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Evaluating afterschool: The evaluation basics, part I

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Evaluating afterschool: The evaluation basics, part I

The Afterschool Alliance is pleased to present the eighth installment of our "Evaluating afterschool" blog series, which answers some of the common questions asked about program evaluation and highlights program evaluation best practices. Be sure to take a look at earlier posts of the series, including blogs on how to collect data and how to build your own evaluation advisory board.

Regino Chávez has worked for LA’s BEST since 2007, designing and implementing formative research for program improvement and internal evaluations, as well as monitoring external evaluations of the program. LA’s BEST serves approximately 25,000 children ages 5 to 12 in close to 200 Los Angeles Unified School District elementary schools. A recent evaluation of LA’s BEST by the Center for Research and Evaluation of Student Standards and Testing (CRESST) at University of California, Los Angeles, found that LA’s BEST students with high levels of attendance in the program were 5 percent less likely to drop out of school and 6 percent more likely to graduate from high school on time compared to their peers who did not participate in the program.

During the first year implementation of a financial literacy program in LA’s BEST, we carried out a formative evaluation. Using surveys and focus groups with staff and students, the evaluation sought to identify how to make its implementation more effective. Findings from the assessment led us to revamp the training and scale down the number of activities staff needed to implement to match our program structure with no corresponding loss in the learning of crucial concepts among students and staff.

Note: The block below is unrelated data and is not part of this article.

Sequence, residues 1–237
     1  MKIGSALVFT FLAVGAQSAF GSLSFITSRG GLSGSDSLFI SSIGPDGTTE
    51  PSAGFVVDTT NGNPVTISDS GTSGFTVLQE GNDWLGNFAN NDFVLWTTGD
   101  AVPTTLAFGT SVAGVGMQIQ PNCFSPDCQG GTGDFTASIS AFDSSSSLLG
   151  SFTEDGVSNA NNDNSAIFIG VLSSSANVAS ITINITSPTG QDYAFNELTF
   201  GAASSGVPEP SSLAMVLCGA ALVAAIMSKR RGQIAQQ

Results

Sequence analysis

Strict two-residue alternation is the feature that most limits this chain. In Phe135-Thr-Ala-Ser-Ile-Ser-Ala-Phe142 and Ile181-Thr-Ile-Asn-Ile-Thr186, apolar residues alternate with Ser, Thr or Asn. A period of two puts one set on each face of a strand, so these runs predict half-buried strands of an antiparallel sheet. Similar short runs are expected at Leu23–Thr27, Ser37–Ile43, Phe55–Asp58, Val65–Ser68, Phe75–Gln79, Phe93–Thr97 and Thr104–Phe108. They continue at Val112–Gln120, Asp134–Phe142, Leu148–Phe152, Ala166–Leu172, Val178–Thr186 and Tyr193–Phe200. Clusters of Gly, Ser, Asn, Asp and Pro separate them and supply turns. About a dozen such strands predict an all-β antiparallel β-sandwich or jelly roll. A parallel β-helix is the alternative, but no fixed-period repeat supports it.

Why evaluate?

Jennie Chow, a native speaker of Mandarin, was a young girl new to Tom Sawyer Elementary. Jennie spoke little English and, as a newcomer had few friends in the school. Her mom enrolled her in LA’s BEST, as she needed to be at work until 5:30.

By the second semester, no one had ever heard Jennie speak during day school. Afterschool staff would talk with Jennie and invite her to join structured activities so she could engage with other students. In one particular activity, students drew themselves as superheroes and identified how their powers helped the community. Jennie proudly held up her drawing and loudly said, “Superhero” while smiling at those around her. This was the first time that anyone had heard her speak in English.

Most of us who work in afterschool see successes like Jennie's daily – the perceived disruptive child who is now a leader in sports; or the students in nutrition classes who now ask parents to buy healthier foods. However, one needs more than anecdotal evidence to demonstrate the difference we make in students’ lives. Evaluations will provide helpful information to identify what might need to change.

Are we ready to be evaluated?

In prepping for an evaluation, the first thing to ask is “Is my program ready to be evaluated?” If this is its first year, do not contemplate an impact evaluation as your program and its elements may not yet be fully developed, clearly understood or fully implemented.